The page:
Krysta Meyer Colorado Springs mother causes social media controversy after uploading TikTok video of her baby son swimming lessons as commentators question methods.
A Colorado mother has been condemned by social media after TikTok video, showed a swimming instructor
gently ‘throwing’ her child into a pool as the mom (off-camera) seeks to teach her eight month old baby to swim. The video which was taken over the weekend has stirred debate over correct parenting protocol and by Wednesday night had been viewed over 75 million times.
Posted Krysta Meyer, 27, of Colorado Springs on Saturday, June 20, ‘Oliver amazes me every week! I can’t believe he is barely two months in and is catching on so fast. He is a little fish.’
The 7 second clip (yes folks, that’s all it takes these days to be loved or loathed) showed Oliver being thrown into a pool by a swimming pool instructor, who dives in after him. By the time she waddled over to Oliver, the baby had found his way to the surface and was paddling along on his back.
It ends with the swim instructor picking up Oliver and giving him a hug as his mother (off camera) is heard exclaiming with delight, praising the boy’s efforts. The video received over 100,000 comments, most of them by users who expressed shock at the technique by which the infant was being taught how to swim.
‘Dropped him in there like a bath bomb,’ one user wrote, while another commented, ‘Lil mans not swimming he’s fighting for his life.’ Told another, ‘If I was his mother, I would not be able to watch that.’
I can’t believe my video was shared on Barstools Twitter page 😳😳 https://t.co/4UrzJPVFiG
— Krysta Meyer (@KrystaM23333986) June 21, 2020
‘I’ve gotten death threats.’
Meyer later revealed to Buzzfeed in an interview: ‘A lot of people are seeing a kid being thrown into the water and thinking, That’s not good! You shouldn’t be doing that!” she said. “I’ve gotten death threats. I’ve had people tell me I’m the worst kind of mom, that I’m endangering my children, that I’m traumatizing them.’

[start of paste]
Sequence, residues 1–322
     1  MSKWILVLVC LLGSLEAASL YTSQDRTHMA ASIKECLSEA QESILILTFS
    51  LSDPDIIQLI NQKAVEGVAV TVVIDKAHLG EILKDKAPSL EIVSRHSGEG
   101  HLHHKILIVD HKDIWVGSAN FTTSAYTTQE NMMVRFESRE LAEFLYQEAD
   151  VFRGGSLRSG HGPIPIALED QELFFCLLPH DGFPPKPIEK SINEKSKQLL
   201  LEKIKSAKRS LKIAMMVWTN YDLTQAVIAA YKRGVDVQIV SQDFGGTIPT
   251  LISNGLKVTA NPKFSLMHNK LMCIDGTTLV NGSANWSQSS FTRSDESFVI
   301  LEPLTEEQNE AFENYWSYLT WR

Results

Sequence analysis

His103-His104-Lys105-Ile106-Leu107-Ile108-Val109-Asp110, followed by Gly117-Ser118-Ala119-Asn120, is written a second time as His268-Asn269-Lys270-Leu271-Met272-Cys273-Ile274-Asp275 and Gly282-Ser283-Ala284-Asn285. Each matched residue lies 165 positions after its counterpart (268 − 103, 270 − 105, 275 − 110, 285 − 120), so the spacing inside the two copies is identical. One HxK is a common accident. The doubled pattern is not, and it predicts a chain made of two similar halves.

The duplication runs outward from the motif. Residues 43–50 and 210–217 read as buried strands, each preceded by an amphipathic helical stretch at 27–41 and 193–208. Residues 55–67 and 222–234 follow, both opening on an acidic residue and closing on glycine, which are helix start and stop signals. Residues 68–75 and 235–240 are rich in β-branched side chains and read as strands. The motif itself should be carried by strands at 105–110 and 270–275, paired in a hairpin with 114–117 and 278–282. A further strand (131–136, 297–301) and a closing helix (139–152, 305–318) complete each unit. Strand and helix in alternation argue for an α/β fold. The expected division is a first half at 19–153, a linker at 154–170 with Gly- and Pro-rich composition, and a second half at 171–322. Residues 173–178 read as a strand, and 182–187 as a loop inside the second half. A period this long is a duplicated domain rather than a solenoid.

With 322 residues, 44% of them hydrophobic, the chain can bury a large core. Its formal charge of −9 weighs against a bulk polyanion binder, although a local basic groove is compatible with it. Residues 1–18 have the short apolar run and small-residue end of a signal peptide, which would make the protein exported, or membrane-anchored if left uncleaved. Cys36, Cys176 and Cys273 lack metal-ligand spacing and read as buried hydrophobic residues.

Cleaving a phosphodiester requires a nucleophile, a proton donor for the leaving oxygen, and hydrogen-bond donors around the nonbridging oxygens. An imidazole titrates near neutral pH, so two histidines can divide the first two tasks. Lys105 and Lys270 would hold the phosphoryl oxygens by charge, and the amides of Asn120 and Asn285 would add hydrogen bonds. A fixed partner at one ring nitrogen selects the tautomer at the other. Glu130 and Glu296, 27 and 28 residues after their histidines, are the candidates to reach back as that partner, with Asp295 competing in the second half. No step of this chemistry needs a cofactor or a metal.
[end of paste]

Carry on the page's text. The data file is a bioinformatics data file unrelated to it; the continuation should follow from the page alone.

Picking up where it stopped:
Meyer clarified what the people did not know was that Oliver was not in an average swim class. He was being trained in an infant survival class in an institute called Little Fins.
‘The whole premise behind what we do is safety,’ said Little Fins co-owner Lauri Armstrong. ‘We teach 8-month-olds to assess their situation and find an exit strategy [in water]. I know it seems crazy.’
Armstrong reiterated that the instructors are highly trained and worked with each infant at their individual pace in a safe and controlled environment. She did concede understanding the ‘shock factor’ for people watching Meyer’s video as they were encountering a baby getting tossed into the water. But there is an important reason why her instructors used the unconventional method.
Teaching children how to swim
‘When kids fall into bodies of water, it’s often not pretty. It’s often very disorientating,’ she added. ‘They have to learn to come up and recover on their own.’
Jenny Bennett, who co-founded Parents Preventing Childhood Drowning said she was not comfortable with a few ways babies were getting thrown into the water at Little Fins, as it’s being done from ‘unrealistic heights.’
‘The first time I saw [the TikTok], I thought it was shocking,’ she told Buzzfeed. ‘It’s not too high where the child is dropped into the water, but I’ve seen some at this facility where the child is held upside down and dropped in. That’s very unrealistic and could potentially cause harm.’
Controversial teaching method
However, Meyer defended her choice of the institute by saying she’s completely comfortable with the classes. ‘I have them in swim classes in a controlled environment and with certified instructors,’ she said. ‘I feel so much more comfortable about my kids being around water and they can have that fighting chance to survive. I have my kids’ best interests in mind.’
According to a 2015 Vox video, two American families lose a baby to drowning every day.
Of note, the Infant Swimming Resource, says they’ve taught more than 300,000 children since their ‘controversial’ method was developed more than 50 years ago and have documented some 800 cases where their taught skills have saved lives.